• Henk Poley - Tuesday, October 26, 2010 - link

    * "Software Development Suit for Multimedia creation and Animation"
    * "Linux Development Suite"

    What are you talking about? Do you mean TimeStorm: ? Or the Ark Linux Development Suite from 2005?

    I suspect what you mean to say is that there are distros now for multimedia creation, using applications with sound and image manipulation plugins. But why talk about it in such vague terms? Is steganography in there or something?
  • Theguynextdoor - Sunday, October 17, 2010 - link

    So I can't believe nobody will send you an Envy. So I will volunteer mine, if you're intrested just take care of the shipping and I will ship you my Envy 14 for review. It's about 3 months old. I have the i5 - 450 (sorry I was looking for battery life so no i7).

    I have the 4GB (single stick) and the optional slice, there's already significant wear on the battery (8%) (with the slice it lasts the entire school day for me (approx 6-8 hours) with max brightness on balanced with the intel GPU.

    If you have questions or intrested just drop feel free to ask.
  • VivekGowri - Thursday, October 21, 2010 - link

    Can you email me at please? Reply
  • mutatio - Monday, October 18, 2010 - link

    The issue Apple faced was whether to use an effective and successful chipset and integrated GPU (nVidia) over the intel HD offerings. As you see in the GPU analysis intel's offerings offer doodoo in the GPU arena. I think Jobs was even overt about it basically saying they didn't want to see the system take a hit by going with a straight intel solution where CPU performance would be marginally better than the C2D while the graphics and usability take a significant hit due to a sluggish integrated intel solution. Your comparison of the benchmarks for CPU and GPU illustrate that very point. In overall usability I really don't care if my laptop CPU can do 15fps better rendering in Divx conversion. I do, however, care if I can watch 720p or 1080p movies or TV shows while doing other run of the mill office work. Yes, you can argue about the use of older hardware, but it seems your review also missed another aspect of Apple's decision to go this route, which was intel's unwillingness to license the Core i3/5/7 chipset tech to nVidia. Has intel still not learned about being non-competitive in its practices?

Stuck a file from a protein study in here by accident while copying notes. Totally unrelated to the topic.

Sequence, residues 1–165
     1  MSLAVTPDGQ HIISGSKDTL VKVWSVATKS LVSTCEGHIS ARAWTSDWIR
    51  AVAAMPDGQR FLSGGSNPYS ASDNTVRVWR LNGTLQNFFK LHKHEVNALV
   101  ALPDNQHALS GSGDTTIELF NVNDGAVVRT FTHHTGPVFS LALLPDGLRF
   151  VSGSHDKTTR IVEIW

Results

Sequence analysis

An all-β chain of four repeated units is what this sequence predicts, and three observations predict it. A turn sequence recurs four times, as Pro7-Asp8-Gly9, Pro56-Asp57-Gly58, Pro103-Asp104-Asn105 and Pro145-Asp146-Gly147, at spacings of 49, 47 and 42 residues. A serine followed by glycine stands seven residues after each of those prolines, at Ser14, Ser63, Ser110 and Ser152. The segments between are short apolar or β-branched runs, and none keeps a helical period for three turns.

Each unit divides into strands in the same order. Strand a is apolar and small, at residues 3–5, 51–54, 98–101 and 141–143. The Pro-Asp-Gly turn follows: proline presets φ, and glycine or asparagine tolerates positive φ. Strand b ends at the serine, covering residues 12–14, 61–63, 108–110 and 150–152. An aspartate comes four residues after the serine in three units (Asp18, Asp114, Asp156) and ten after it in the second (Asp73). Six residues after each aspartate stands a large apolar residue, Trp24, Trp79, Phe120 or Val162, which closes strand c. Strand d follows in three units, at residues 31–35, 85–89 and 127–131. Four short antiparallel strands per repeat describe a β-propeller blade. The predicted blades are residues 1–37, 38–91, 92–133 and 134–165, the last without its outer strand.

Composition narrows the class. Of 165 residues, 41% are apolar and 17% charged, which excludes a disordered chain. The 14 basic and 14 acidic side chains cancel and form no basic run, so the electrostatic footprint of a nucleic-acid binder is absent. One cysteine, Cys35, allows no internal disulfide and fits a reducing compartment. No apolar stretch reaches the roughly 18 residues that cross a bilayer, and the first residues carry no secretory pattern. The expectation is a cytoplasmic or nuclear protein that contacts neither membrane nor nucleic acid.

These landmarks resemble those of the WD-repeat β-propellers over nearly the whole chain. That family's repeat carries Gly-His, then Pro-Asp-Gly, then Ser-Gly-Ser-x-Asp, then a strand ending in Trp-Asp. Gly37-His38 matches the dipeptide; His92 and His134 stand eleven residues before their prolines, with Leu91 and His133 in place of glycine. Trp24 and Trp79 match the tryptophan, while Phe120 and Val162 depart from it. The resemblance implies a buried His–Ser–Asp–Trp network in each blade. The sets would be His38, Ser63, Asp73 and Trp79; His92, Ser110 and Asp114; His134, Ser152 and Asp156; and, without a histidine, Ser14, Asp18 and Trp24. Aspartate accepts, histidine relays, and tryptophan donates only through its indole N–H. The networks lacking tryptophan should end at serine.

At this point, yes, the 13" model is getting long in the tooth from a hardware standpoint. On my end, being a Windows and Mac user with my home built tower for Windows 7 and my 13" 9400M C2D MacBook Pro, I do most of my computing on the latter with it plugged in via my KVM switch and used in a largely desktop mode driving a 1920x1200 26" monitor. Should Apple find a more current solution for it's entry level MBP? Yes. But your article (and yes I know this is cliche territory) didn't really get into market differences between Macs and PCs. While you can argue that Apple, in charging a premium for their systems, should by default have the most bleeding edge tech in their computers, you seem to be forgetting Apple's seemingly perpetual focus on usability as a huge focus in their development of systems. On the other side of the coin, you have, well, everyone else, who plays in the razor-thin-profit-margin-land whose slim pickings require the unending tech spec rat race in order to try and keep the slim sales margins coming in. Apple had the luxury of being able to make a decision, as your benchmarks indicate, of using an older CPU with newer GPU tech to balance out the equation of how usable/functional the system is for consumers (and again, this was in light of intel cutting competition off from nvidia for the Core i chips). Some may not like the decision Apple, made, and certainly the profits are in the picture, but them's my 2 cents. ;-)